What is new about the new atheists? It’s not their arguments. Spend as much time as you like with a pile of the recent anti-religion books, but you won’t encounter a single point you didn’t hear in your freshman dormitory. It’s their tone that is novel. Belief, in their eyes, is not just misguided but contemptible, the product of provincial minds, the mark of people who need to be told how to think and how to vote—both of which, the new atheists assure us, they do in lockstep with the pope and Jerry Falwell.

For them, belief in God is beyond childish, it is unsuitable for children. Today’s atheists are particularly disgusted by the religious training of young people—which Dr. Dawkins calls “a form of child abuse.” He even floats the idea that the state should intervene to protect children from their parents’ religious beliefs.

You can also read all of Schulman’s commentary, and not only will you see no new criticisms of atheism, but you won’t see any defense of christianity. The whole thing is a cranky tirade against those who dare to disbelieve, propped up by dishonest accusations.

Arguments are not false merely because they’re old, as any defender of religion should know. We have to keep repeating them because the theists keep indoctrinating their children to ignore them; when you’re fighting dogma with reason, of course it’s going to take time and patience and continuous instruction.

I should like to see his evidence that we “new atheists” claim every religious person thinks in lockstep with the Pope and Falwell. It’s simply not true: I criticize religious moderates because they are religious, not because they are extremists. The “moderate” part is good, and I can sympathize with the majority of believers as well meaning, and maybe even striving for virtuous goals. My complaint is that they reach for those ends by flawed methods, methods that have a history of being easily subverted.

For the new atheists, believing in God is a form of stupidity, which sets off their own intelligence. They write as if they were the first to discover that biblical miracles are improbable, that Parson Weems was a fabulist, that religion is full of superstition. They write as if great minds had never before wrestled with the big questions of creation, moral law and the contending versions of revealed truth. They argue as if these questions are easily answered by their own blunt materialism. Most of all, they assume that no intelligent, reflective person could ever defend religion rather than dismiss it. The reviewer of Dr. Dawkins’s volume in a recent New York Review of Books noted his unwillingness to take theology seriously, a starting point for any considered debate over religion.

Ah, if you saw my email…this “you atheists think you’re such smarty-pants” sentiment is so common. It’s not true, like so much of this op-ed’s assertions. I agree that brilliant people have also been believers, and that there are some truly stupid atheists; if a stupid person leaves the church, it won’t make him smarter, except in the sense that he has perhaps learned one new thing.

We don’t write as if we were the first to discover the bible is full of foolishness—we write to point out that people like Schulman freely confess to the superstition, but never actually do anything about it, other than defend it. Oh, and they’re also fond of waving theology at us, as if that has anything to do with honestly evaluating the truth claims of religion. Theology is an exercise in logic and history and rhetoric that has nothing to do with determining the validity or the accuracy of religious claims about the universe.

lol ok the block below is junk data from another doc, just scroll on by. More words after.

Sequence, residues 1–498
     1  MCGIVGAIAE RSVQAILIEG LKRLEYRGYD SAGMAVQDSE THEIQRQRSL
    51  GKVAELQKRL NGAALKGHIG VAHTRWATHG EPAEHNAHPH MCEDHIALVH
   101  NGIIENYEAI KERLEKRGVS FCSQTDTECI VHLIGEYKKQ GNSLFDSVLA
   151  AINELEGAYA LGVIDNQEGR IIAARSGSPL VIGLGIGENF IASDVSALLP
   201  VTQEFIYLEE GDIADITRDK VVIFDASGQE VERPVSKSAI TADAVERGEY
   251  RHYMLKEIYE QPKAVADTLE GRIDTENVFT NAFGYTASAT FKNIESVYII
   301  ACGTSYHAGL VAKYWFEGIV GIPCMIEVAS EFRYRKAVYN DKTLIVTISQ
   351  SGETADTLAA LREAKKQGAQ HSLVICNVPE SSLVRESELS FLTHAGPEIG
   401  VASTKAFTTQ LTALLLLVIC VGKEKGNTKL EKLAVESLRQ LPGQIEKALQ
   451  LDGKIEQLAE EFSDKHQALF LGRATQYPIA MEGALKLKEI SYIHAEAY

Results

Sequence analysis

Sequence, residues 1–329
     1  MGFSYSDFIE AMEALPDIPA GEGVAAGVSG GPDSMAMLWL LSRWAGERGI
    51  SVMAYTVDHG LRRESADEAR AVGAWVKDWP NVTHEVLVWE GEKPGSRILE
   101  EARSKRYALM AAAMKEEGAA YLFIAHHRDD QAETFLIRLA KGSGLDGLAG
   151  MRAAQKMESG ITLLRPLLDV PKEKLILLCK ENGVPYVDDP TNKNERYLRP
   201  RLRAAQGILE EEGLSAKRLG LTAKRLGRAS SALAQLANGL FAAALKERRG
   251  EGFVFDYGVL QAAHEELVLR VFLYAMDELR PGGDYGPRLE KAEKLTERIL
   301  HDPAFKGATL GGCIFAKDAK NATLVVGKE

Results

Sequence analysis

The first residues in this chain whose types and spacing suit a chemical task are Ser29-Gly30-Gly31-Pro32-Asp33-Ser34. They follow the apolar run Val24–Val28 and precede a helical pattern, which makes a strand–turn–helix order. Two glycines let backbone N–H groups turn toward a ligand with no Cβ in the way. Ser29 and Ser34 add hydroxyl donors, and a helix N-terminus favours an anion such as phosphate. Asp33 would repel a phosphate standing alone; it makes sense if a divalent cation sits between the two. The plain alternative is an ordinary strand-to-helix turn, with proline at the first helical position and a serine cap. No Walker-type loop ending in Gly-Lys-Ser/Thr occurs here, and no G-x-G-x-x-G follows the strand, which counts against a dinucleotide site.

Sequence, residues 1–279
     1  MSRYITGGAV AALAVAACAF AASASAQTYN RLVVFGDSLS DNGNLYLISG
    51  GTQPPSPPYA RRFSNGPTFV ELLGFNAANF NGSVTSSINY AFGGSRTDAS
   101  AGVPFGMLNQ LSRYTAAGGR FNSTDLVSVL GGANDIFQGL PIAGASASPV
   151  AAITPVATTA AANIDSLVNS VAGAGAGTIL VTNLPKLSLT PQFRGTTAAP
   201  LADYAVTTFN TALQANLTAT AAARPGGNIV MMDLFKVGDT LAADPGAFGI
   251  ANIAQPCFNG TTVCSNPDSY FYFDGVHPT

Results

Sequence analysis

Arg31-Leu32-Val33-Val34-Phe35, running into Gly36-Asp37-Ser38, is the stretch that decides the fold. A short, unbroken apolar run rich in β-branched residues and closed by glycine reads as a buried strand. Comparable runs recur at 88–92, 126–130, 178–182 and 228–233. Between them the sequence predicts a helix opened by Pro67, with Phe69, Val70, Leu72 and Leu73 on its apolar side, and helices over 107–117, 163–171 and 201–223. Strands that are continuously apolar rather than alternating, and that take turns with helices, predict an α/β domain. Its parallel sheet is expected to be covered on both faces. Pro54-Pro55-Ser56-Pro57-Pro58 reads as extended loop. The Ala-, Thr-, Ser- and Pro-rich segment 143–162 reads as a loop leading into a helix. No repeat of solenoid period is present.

The faith that the new atheists describe is a simple-minded parody. It is impossible to see within it what might have preoccupied great artists and thinkers like Homer, Milton, Michelangelo, Newton and Spinoza—let alone Aquinas, Dr. Johnson, Kierkegaard, Goya, Cardinal Newman, Reinhold Niebuhr or, for that matter, Albert Einstein. But to pass over this deeper faith—the kind that engaged the great minds of Western history—is to diminish the loss of faith too. The new atheists are separated from the old by their shallowness.

I do find it impossible to see what there is about the doctrine of damnation or the concept of transubstantiation that could possibly have been satisfying to great thinkers, either, except that we all have cultural baggage that is not the product of rational thought. So? I must be shallow.

I also notice that after railing at the new atheists for only picking on christianity, Schulman only mentions great Jewish and Christian thinkers. How about Mohamad ibn Musa Al Khwarizmi or Abu Raihan Mohammad Ibn Ahmad al-Biruni? Does their brilliance and reason and skill also validate the doctrines of Islam? I’d argue that their minds are testimonials to the potential of humanity, not the power of some invisible ghost or magical ritual. Invoking Goya or Einsteins says great things about what we can do, and I rather resent the way the apologists use human accomplishments to falsely brace their superstitions.

To read the accounts of the first generation of atheists is profoundly moving. Matthew Arnold wrote of the “eternal note of sadness” sounded when the “Sea of Faith” receded from human life. In one testament after another—George Eliot, Carlyle, Hardy, Darwin himself—the Victorians described the sense of grief they felt when religion goes—and the keen, often pathetic attempts to replace it by love, by art, by good works, by risk-seeking and—fatally—by politics.